Academy of Adoption and Assisted Reproduction Attorneys – Listing by State – If your child is adopted, diagnosed with RAD, or has other needs related to adoption, find an attorney in your area with this listing.
Find an Adoption Attorney – Government listing of adoption lawyers and consultants.
Wright’s Law Listing – How to Find an Advocate or Attorney in Your Area – Listing of places to find resources in your state for a child with special needs.
Yellow Pages for Kids – Find a listing of special needs support for kids, listed by state.
Find a Consultant for Day and Boarding School or Therapeutic Placement – Independent Educational Consultants Association (IECA) – Use this search to find a consultant in your area who specializes in residential and boarding school placements.
International Advocates – For consultation outside of the United States, use this IECA directory and search for an advocate who works internationally.
COPPA, Council of Parent Attorneys and Advocates – Use this listing to find a special education advocate or attorney in your area.
Learning Disabilities of America – Listing of disability rights and advocacy organizations.
Caresolace.org – An organization that matches school districts with mental health services.
Recommended Educational Consultants and Attorneys for Boarding Schools, Residential Treatment, and Group Home Placements
The following listings are attorneys, advocates, and consultants that have been recommended to us by fellow parents. We have not worked with each of these individuals and a listing is not an endorsement. Listings are provided for information purposes only.
Do you have an advocate you have worked with personally and would recommend? Contact us and share the information.
Dean Doering and Associates – Therapeutic educational consultation services and placement specialists. Young adult coaching (failure to launch), assessments, and more. Contact Dean Doering and Associates through their website or by calling (206) 324-3344. (Recommended by a parent of a child with RAD, Reactive Attachment Disorder.)
Dr. Paul Livelli – Educational consultant and experienced with placing autistic children in treatment.
RADvocates – These RAD advocates help parents of children with Reactive Attachment Disorder, providing services such as monthly mentorship and custom advocacy support programs. These are reactive attachment disorder experts who will help you navigate parenting and treatment options.
Tara Akers, Therapeutic Boarding School Placing Specialist – Tara Akers began her career in placement through roles as direct care staff and case management in a therapeutic school. She progressed to admissions work, consulting, and professional intervention services and has been helping families since 2004. She has worked as a placement specialist with Best Choice Admissions for five years while also providing admissions and business coaching services to several schools.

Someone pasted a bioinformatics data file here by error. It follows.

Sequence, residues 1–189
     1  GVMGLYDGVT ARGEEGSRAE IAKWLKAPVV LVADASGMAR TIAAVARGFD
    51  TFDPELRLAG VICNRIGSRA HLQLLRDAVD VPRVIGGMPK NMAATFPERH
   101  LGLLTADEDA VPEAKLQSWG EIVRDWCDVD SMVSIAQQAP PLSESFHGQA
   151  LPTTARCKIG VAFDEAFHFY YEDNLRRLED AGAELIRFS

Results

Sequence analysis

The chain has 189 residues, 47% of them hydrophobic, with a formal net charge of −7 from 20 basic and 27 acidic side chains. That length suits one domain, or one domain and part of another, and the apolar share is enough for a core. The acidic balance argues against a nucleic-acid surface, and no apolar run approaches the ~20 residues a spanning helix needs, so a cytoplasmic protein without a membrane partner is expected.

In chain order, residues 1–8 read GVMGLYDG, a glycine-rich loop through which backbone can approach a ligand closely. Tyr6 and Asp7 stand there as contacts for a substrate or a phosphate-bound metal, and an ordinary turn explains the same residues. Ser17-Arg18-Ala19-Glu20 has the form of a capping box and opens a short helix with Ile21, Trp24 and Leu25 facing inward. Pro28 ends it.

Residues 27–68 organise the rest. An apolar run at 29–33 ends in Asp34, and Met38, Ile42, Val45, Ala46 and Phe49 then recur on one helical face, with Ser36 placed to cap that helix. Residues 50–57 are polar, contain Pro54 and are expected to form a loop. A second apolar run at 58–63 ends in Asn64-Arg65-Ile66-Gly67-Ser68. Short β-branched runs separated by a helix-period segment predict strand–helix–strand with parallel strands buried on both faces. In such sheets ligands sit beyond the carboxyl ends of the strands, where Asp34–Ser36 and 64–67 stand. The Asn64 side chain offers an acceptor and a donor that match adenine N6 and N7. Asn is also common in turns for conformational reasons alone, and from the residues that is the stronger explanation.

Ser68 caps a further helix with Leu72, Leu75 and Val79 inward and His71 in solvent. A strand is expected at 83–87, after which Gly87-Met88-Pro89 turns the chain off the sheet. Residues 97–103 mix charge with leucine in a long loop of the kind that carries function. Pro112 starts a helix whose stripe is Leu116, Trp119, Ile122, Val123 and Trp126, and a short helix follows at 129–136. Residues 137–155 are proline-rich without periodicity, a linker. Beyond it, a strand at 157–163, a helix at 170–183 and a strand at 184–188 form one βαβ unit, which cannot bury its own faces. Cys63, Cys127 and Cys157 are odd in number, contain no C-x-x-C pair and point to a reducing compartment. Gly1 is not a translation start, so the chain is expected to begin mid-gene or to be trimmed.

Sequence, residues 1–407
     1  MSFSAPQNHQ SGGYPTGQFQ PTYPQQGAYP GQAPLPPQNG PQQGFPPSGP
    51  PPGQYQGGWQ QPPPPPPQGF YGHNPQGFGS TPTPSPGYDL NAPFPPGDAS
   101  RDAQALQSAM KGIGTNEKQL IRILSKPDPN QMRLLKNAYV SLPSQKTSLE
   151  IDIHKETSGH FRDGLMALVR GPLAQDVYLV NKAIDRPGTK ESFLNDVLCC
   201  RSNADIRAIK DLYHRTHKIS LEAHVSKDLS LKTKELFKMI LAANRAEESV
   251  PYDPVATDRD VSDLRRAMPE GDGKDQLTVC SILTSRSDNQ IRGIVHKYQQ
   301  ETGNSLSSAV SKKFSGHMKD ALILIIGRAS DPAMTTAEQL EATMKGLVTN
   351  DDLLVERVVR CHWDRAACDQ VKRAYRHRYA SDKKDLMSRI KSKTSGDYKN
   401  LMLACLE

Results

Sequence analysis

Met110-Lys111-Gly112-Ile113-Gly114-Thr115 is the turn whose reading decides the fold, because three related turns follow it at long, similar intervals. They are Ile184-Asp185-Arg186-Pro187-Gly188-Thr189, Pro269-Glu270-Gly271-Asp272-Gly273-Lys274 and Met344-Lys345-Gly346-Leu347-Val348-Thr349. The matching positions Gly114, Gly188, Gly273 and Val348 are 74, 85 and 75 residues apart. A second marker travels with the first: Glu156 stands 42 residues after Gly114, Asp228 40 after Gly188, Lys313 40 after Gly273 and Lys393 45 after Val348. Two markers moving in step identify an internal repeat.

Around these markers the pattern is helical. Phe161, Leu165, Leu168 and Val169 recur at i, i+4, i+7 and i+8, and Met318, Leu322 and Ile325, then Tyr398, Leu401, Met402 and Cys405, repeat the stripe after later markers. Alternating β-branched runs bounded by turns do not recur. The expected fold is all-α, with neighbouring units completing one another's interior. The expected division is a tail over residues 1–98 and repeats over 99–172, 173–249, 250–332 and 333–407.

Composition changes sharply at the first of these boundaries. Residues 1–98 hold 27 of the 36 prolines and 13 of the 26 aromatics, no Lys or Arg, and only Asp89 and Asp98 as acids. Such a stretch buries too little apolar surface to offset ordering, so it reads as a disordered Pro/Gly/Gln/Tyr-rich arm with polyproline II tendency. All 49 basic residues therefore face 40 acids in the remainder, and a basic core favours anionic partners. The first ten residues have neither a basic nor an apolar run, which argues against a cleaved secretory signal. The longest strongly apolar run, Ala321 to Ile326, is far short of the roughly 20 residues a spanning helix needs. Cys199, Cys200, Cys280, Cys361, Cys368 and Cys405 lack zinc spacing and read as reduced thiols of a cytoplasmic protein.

Timothy J. Eirich, attorney in Denver, Colorado – Tim’s work includes a wide range of adoption issues, including residential placements, rescinding an adoption, and legal issues related to foster care, adoption, and adoption subsidies. Contact Tim through his website or by calling (303) 679-8266.
Steve Bozak – Specializes in helping you find and select the most suitable boarding schools to meet your child’s needs. ADD, ADHD, ODD, Special needs of any kind or traditional boarding schools. Emotional growth, boot camps, military schools, wilderness training, therapeutic, immediate, short or long term. Nation wide.
Charles Mitchell with Family Transitions LLC – Parent-recommended transporter who can assist with moving your child into a program, including outside of the United States. Click here to read a parent’s story of using Charles’ services and costs involved. Contact Charles at 213-221-9944 (texting preferred).
Scott at Best Choice Admissions – A free boarding school placement service.
The decision to place your child into residential treatment or a boarding school for troubled youth is not an easy one for parents. Consider hiring an educational consultant, advocate, or attorney to help you find an appropriate placement and secure funding. While not easy, these steps are in your child’s best interest to get him or her the needed care to make progress and become a successful adult.
Click here for a free PDF printable checklist of the 7 steps to take when your child needs residential treatment.
Have you used an educational advocate? Share about your experience in the comments below.
Jose zamora says
I want to build an autism residential facility
TJ Cann says
I want to recommend Dana Carney at Ignite Kids Advocates and Michael Inzelbuch, Esq. They are pioneers at what they do and are the best in New Jersey.